Ahmed Elbatrawy

Syria slams Arab League plan


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Cairo (CNN) — The head of Arab League observers in Syria rejected criticisms Monday that his team had failed to stop killing in the country, where thousands of people have died in clashes between government protesters and opposition forces demanding the end of President Bashar al-Assad’s regime.

Sudanese Gen. Mohammed Ahmed al-Dabi said Monday at a news conference in Cairo that the mission was designed not to bring an immediate end to violence but to investigate and observe the situation.

Rising concerns about the government’s violent crackdown prompted the European Commission to widen sanctions Monday against Syrian officials and organizations. The group imposed asset freezes and travel bans to 22 more Syrian officials it said were responsible for human rights violations and eight entities that give financial support to al-Assad’s regime.

“Today’s decision will put further pressure on those who are responsible for the unacceptable violence and repression in Syria,” European Union High Representative for Foreign Affairs Catherine Ashton said. “The message from the European Union is clear: The crackdown must stop immediately. We will continue to do all we can to help the Syrian people achieve their legitimate political rights.”

Violence in the country has continued despite the presence of the Arab League team.


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On Monday, five people died and 13 people were wounded when government forces and defectors clashed in Homs, according to the Syrian Observatory for Human Rights, an opposition activist group.

Another opposition group, the Local Coordination Committees of Syria, reported six deaths in Homs and a total of 23 killed across the country Monday after being “targeted by armed terrorist groups.”

The government news agency SANA reported that three of the deaths in Homs were law enforcement personnel. The agency said nine army and law enforcement personnel died in cities across the country.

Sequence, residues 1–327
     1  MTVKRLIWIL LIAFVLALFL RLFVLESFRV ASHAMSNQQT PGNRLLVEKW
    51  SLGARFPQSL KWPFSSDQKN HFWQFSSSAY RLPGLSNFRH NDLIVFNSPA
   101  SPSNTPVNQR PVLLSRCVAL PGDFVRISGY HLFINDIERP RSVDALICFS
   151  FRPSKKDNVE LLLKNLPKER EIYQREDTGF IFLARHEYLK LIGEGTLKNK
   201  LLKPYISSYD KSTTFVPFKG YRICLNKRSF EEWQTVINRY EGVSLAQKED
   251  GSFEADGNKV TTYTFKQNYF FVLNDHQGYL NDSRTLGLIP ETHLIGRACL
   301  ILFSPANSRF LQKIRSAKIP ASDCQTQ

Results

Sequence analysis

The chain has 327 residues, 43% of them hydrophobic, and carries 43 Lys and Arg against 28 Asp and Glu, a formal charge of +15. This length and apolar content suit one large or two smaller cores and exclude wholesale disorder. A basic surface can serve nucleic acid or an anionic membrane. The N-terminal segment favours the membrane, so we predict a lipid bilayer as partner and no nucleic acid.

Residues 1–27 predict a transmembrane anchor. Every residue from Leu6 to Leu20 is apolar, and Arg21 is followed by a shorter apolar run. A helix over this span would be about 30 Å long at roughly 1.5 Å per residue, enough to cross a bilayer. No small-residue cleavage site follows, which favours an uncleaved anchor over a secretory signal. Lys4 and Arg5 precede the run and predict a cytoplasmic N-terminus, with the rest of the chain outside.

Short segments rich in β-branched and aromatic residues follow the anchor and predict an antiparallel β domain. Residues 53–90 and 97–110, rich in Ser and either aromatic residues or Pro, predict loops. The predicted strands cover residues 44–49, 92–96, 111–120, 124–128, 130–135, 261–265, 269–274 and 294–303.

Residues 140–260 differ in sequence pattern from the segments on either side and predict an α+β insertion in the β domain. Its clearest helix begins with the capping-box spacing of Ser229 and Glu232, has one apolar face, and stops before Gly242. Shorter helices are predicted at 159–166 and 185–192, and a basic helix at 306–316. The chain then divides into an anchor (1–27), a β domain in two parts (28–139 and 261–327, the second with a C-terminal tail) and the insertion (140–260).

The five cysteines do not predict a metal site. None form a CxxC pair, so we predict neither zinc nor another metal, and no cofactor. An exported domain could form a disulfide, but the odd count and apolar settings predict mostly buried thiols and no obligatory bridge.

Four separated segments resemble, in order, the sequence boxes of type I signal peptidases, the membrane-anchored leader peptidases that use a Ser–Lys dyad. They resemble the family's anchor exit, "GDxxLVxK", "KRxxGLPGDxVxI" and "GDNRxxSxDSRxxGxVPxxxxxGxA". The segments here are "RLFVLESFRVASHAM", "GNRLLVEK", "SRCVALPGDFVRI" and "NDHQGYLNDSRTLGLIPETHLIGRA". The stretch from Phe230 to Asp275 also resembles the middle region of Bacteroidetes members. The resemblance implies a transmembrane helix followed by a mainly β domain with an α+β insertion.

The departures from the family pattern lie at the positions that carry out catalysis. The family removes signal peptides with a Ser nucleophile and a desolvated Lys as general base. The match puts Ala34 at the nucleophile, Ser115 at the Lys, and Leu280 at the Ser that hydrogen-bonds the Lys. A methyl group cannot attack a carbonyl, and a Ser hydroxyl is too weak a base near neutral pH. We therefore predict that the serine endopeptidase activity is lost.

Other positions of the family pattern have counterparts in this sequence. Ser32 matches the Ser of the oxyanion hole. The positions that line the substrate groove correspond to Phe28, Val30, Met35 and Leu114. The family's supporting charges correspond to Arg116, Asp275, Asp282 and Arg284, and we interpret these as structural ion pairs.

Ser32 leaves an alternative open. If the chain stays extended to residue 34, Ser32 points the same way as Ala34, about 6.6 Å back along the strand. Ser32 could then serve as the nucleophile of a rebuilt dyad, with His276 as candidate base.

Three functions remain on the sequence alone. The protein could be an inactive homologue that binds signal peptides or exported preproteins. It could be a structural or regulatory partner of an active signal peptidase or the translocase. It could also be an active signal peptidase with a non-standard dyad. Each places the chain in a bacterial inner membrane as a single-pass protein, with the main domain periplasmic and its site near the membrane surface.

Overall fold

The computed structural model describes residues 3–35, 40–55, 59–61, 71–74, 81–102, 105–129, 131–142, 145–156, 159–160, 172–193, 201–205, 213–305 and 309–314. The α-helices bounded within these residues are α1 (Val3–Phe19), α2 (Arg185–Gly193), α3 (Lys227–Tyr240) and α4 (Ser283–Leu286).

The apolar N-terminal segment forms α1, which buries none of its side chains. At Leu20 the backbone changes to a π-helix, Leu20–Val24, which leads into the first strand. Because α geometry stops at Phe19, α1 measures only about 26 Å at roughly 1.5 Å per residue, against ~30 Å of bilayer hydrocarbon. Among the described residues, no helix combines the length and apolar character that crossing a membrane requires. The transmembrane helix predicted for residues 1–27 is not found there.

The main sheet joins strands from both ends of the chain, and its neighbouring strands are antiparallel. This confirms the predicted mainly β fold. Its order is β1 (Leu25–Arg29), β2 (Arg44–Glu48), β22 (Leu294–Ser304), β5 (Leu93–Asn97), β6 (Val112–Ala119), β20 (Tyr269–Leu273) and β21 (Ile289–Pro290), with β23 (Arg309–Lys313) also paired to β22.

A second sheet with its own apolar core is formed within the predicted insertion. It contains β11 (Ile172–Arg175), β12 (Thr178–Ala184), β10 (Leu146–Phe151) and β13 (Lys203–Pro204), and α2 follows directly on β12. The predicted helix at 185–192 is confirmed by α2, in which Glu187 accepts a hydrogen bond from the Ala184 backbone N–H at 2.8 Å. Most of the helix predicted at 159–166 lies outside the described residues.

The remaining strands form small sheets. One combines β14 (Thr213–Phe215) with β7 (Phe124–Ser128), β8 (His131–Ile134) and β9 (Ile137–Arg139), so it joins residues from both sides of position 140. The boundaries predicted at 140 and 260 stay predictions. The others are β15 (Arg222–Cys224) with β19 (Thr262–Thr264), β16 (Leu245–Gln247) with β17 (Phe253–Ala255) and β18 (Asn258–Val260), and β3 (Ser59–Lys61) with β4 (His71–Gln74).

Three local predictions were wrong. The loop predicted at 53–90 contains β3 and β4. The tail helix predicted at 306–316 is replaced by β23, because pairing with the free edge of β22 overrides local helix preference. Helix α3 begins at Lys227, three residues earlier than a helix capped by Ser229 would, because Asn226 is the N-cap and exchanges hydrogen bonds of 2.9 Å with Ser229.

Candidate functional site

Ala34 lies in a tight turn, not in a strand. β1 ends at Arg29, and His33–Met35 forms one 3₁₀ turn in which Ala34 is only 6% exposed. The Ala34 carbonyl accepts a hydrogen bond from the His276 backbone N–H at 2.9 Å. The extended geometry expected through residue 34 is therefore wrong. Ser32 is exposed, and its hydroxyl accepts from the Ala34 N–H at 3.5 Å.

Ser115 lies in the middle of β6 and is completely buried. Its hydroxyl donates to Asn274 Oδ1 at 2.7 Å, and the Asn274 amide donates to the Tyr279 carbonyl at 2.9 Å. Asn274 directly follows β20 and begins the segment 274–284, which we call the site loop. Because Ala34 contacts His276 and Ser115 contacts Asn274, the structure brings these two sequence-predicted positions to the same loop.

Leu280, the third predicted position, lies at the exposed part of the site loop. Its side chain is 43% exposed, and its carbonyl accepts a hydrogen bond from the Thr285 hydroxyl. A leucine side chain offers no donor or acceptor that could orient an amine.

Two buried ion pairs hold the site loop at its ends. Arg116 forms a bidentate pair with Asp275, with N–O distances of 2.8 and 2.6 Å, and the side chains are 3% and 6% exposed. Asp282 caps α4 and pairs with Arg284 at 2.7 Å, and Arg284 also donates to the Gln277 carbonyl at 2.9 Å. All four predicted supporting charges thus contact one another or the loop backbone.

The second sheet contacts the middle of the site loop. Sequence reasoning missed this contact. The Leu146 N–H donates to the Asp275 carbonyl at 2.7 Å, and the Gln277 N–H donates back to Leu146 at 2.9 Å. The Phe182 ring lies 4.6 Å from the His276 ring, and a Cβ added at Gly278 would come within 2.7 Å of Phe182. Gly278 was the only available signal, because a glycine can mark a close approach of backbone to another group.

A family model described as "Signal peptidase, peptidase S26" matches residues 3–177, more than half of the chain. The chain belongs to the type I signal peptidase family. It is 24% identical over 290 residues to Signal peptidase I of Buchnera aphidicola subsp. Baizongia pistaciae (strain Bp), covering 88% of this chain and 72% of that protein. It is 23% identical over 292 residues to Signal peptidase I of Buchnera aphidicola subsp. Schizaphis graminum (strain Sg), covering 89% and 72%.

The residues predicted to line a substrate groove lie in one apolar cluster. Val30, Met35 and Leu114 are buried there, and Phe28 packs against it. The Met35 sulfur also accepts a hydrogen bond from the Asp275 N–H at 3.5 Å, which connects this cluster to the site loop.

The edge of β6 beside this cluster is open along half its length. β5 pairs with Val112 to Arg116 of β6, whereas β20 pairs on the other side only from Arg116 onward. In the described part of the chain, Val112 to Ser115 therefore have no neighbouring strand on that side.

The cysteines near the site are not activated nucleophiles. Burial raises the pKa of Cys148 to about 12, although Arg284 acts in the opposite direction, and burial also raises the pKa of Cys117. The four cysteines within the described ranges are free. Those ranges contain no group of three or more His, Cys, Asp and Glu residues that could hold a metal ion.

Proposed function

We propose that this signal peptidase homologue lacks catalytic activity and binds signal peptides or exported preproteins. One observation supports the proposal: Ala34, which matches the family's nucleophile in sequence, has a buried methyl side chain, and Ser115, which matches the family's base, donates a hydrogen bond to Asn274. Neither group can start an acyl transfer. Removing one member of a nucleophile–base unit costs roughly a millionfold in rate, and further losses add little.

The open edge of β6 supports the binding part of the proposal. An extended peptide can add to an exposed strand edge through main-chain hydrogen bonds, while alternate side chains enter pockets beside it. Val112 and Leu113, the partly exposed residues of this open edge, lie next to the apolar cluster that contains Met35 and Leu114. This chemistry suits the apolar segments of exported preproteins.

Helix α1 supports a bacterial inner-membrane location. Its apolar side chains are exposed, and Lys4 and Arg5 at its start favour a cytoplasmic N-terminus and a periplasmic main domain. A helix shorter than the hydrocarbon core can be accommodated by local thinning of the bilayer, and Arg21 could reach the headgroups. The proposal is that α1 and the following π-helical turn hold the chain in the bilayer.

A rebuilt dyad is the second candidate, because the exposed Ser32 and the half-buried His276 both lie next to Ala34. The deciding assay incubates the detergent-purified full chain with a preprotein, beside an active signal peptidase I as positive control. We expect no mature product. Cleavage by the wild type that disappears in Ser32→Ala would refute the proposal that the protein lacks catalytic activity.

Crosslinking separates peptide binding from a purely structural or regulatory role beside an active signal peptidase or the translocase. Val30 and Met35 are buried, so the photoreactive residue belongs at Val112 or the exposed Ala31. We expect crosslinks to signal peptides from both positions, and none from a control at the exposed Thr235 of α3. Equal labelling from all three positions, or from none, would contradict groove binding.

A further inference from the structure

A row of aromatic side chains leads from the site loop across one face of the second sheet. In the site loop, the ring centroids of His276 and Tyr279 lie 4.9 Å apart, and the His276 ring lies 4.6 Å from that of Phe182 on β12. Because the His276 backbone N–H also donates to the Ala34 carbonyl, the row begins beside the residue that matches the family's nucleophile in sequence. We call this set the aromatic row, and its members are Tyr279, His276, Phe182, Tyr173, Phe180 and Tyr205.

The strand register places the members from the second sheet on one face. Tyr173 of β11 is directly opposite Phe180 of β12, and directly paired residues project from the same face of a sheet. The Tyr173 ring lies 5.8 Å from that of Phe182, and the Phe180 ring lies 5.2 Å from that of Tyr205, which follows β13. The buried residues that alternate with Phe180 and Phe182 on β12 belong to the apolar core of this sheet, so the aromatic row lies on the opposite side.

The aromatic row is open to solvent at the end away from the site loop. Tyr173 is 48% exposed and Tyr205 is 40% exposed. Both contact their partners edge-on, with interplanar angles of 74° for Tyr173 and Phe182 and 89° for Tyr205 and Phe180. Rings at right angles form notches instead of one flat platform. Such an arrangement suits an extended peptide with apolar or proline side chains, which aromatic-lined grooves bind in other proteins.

CNN cannot confirm the claims of violence and deaths, as Syria’s government restricts access by foreign journalists.

Despite the continuing violence, al-Dabi defended his team’s work, saying that they were able to persuade the Syrian government to remove tanks from neighborhoods and to also to reduce the number of military and security teams deployed near demonstrations.

Observers documented 136 deaths and the release of thousands of detainees during the 20-day mission, al-Dabi said.

The Arab League voted Sunday to extend the monitoring mission while it works on a proposal seeking that al-Assad transfer power to his vice president following the formation of a national unity government.

The group’s plan calls for the government to start talks with the opposition within two weeks and the formation of a new government within two months. A new constitutional council would follow, as would a plan for parliamentary and presidential elections.

The proposal is the clearest statement yet from the Arab League on what the league’s member states would like to see happen in Syria. The league plans to take the idea to the United Nations in a bid to build international support.

The Syrian government roundly rejected the plan, which it views as “blatant intervention in its internal affairs,” the state-run Syrian Arab News Agency reported. It was unclear if it would accept the monitoring team extension.

The uprising against al-Assad’s regime, and the resulting government crackdown, have engulfed the country for more than 10 months. The United Nations last month estimated more 5,000 people have died since March. Opposition groups put the death toll at more than 6,000.

The Arab League has called on al-Assad’s regime to stop violence against civilians, free political detainees, remove tanks and weapons from cities and allow outsiders, including the international news media, to travel freely in Syria.

Secretary-General Nabil el-Araby said the Syrian government has not complied with some parts of its agreement with the league aimed at ending the violence. But Arab League monitors have seen some aspects of the situation improve, he said.

“The presence of the Arab monitors provided security to opposition parties, which held an increase in number of peaceful protests … in the areas where the monitors were present,” el-Araby said.

Burhan Ghalioun, head of the opposition Syrian National Council, said observers haven’t been allowed to see the full situation in Syria.

“The Arab monitors indicated that the regime did not follow protocol, did not release the detainees, did not remove all military tanks, did not allow press to travel freely, did not recognize even once the peaceful protests, and the massacre of Idlib yesterday is proof of that,” he said, referring to the discovery of 30 bodies in that city on Saturday. “The regime let down the Arab League, and Arab nations have the responsibility to respond.”

CNN’s Hamdi Alkhshali and Brian Walker contributed to this report.






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Ahmed Elbatrawy